Lindung – freshwater eel

    Lindung or freshwater eel is easily found in rice fields in Bali and are a popular source of protein among rural Balinese communities.

    Catching eels using strings and hooks is a favourite pastime among Balinese kids in the countryside, and they take their fresh catches home for their mothers to prepare and cook, together with an aromatic blend of garlic and galangal. The eels are also usually dried before being fried with a batter into a crispy snack.


    Loloh – Balinese herbal drink

    The Balinese make herbal drinks from various types of leaves and fruits, much like jamu from the neighbouring island of Java. They refer to any liquid mixture or traditionally-prepared herbal tonic as loloh. Often, loloh is taken to maintain general good health and the ingredients are known for their medical benefits.

    Some of the most commonly used are tibah or morinda fruit, hibiscus flower, don kayumanis or leaves of the star gooseberry tree, with other herbs and spices such as salt, roast shallots, ginger and turmeric to taste.


    Ancruk – sago worms

    In some rural areas of Bali, kids dig under wilted banana trunks to find these ugly, thumb-sized larvae that locals call ancruk. They consider these a high-protein snack. After being thoroughly washed and cleaned, these gummy morsels are then roasted or fried with spices to taste.

    photo by Luigi Barraco (CC BY-SA 3.0) modified


    Keripik usus ayam – crackling chicken intestines

    Usually, entrails are thrown out in western cooking but usus ayam or chicken intestines are saved for a popular deep-fried Indonesian delicacy. You can find these sold at most local restaurants in Bali.

    Thoroughly washed then basted in turmeric (a natural disinfectant), and then sometimes rolled in tapioca flour batter, the short or flat-cut intestines are then thrown into hot oil until crisp. They look more appealing when cooked, and actually taste great too. There are also skewered versions, boiled then prepared in the manner of satays, as well.

    photo by Midori (CC BY 3.0) modified


    Clengis – steamed coconut oil sediment

    Clengis, or tlengis depending on which part of Bali you come from, is a byproduct of traditional coconut oil processing. The remaining foam and residue that rises above boiling coconut milk is sifted away to be coal-roasted alone in banana wraps. The result is a white, mildly sweet and soft-textured condiment that nicely accompanies rice dishes. The flavour of clengis? It's somewhat like a cross between melted cheese and shiitake mushrooms.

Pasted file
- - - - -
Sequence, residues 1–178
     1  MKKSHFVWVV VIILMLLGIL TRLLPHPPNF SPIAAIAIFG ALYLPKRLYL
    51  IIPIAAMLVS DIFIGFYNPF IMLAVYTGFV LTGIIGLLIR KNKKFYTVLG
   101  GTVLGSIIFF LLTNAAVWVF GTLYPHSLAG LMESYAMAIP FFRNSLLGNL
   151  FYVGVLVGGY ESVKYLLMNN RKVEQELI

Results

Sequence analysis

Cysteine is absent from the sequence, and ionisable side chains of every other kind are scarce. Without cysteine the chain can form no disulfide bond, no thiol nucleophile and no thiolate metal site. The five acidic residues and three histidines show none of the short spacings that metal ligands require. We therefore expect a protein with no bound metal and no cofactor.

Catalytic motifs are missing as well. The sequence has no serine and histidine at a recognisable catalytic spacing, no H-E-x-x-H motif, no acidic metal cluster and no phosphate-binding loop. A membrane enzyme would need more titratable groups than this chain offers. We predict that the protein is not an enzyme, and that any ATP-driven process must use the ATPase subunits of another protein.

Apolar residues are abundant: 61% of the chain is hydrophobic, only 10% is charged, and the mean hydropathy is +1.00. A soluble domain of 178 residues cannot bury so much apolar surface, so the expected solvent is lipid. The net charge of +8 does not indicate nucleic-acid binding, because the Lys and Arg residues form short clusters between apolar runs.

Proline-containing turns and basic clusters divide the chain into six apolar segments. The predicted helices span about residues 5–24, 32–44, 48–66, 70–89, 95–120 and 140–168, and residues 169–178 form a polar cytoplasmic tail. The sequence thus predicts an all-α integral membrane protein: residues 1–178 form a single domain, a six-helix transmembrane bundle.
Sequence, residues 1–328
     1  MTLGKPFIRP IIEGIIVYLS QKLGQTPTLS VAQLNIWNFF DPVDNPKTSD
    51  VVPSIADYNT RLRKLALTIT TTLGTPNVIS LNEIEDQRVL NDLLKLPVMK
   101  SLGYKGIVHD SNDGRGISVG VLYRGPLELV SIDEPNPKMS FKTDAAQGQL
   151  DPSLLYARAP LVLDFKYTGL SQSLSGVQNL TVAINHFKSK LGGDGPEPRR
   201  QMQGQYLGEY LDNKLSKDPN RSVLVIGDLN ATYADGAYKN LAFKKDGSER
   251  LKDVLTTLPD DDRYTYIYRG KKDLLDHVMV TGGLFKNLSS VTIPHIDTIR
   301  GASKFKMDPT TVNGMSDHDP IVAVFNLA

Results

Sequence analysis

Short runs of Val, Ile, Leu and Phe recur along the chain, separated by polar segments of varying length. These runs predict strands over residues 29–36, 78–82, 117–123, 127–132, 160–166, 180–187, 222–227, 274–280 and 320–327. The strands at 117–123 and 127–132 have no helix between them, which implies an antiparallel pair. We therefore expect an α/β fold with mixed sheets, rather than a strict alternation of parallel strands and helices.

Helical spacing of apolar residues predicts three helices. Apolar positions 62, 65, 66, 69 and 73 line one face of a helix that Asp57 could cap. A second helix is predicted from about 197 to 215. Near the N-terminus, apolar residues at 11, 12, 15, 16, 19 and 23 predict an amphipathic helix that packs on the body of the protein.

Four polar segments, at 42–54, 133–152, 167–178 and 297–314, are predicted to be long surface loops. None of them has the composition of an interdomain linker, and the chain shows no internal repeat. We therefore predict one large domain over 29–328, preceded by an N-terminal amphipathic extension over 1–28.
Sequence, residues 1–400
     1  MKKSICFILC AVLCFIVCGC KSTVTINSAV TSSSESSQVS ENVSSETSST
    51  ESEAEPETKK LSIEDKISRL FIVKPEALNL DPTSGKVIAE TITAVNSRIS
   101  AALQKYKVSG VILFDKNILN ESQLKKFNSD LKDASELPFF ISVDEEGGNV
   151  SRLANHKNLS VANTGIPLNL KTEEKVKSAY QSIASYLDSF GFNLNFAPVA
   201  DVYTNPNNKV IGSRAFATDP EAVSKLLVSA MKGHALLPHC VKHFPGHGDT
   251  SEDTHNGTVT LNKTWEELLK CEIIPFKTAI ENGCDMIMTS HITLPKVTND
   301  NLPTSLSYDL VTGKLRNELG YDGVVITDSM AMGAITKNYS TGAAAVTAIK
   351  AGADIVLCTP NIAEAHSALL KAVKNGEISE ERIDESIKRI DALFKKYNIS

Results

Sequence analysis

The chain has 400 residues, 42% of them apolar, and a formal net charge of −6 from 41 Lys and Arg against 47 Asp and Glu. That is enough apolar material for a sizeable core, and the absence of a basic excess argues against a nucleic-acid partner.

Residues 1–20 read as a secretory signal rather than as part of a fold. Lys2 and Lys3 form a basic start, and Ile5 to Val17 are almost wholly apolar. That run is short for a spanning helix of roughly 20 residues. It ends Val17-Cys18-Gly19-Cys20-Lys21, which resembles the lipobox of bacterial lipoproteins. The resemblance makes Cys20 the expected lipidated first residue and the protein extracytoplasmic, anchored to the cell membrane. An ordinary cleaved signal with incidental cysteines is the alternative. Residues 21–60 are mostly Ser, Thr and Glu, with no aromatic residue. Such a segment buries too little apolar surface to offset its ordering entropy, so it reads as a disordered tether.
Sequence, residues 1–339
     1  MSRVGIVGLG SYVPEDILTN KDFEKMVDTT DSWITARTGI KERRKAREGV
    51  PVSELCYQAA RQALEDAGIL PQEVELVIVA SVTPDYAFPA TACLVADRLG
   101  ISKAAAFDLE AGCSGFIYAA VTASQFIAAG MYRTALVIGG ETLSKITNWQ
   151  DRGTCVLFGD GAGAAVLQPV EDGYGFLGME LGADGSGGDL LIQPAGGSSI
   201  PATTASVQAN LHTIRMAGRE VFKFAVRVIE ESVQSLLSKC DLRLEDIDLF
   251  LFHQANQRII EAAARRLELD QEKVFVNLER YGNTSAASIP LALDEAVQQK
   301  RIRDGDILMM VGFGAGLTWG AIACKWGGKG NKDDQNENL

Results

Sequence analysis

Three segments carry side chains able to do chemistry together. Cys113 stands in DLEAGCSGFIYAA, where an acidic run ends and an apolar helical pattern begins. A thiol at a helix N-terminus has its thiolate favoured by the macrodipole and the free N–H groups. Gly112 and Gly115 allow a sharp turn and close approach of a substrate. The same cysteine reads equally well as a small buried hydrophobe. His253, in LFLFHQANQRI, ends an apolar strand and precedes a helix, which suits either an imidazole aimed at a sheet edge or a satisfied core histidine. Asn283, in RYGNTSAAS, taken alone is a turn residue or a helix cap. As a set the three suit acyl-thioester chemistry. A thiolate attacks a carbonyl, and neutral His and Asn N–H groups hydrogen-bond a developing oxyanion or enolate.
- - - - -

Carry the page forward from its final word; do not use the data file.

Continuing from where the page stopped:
Srombotan – spicy raw vegetable salad

    Srombotan is a local raw (or partly-cooked) vegetable salad mix, originally from Bali’s regency of Klungkung. The main components include partly-steamed fern leaves, winged bean seeds, bean sprouts and cabbage.

    It is then topped with a very spicy kalas sauce made of coconut milk blended with turmeric, chillies, galangal, shallots, garlic, coriander and a little bit of sand ginger. Srombotan is certainly a must-try on your visits to East Bali – if you can handle really spicy dishes!


    Lawar nyawan - bee larvae salad

    A lawar (Balinese salad) mix to look out for, though rather hard to find, is lawar nyawan. It uses bee larvae and their honeycombs as the main ingredient. Sometimes the honeycomb is left intact, with some of the larvae oozing out during the cooking process, together with the common blend of vegetable and spices that make up the usual lawar mix.

    The dish is as rare as the harvesting of beehives, so it’s one of the hardest to find among the list of unusual food to try in Bali. Even so, the textures and flavours of burnt honey with Balinese spices is something really exceptional and definitely worth a try, if you get the chance.

    Ari Gunadi | Compulsive Traveller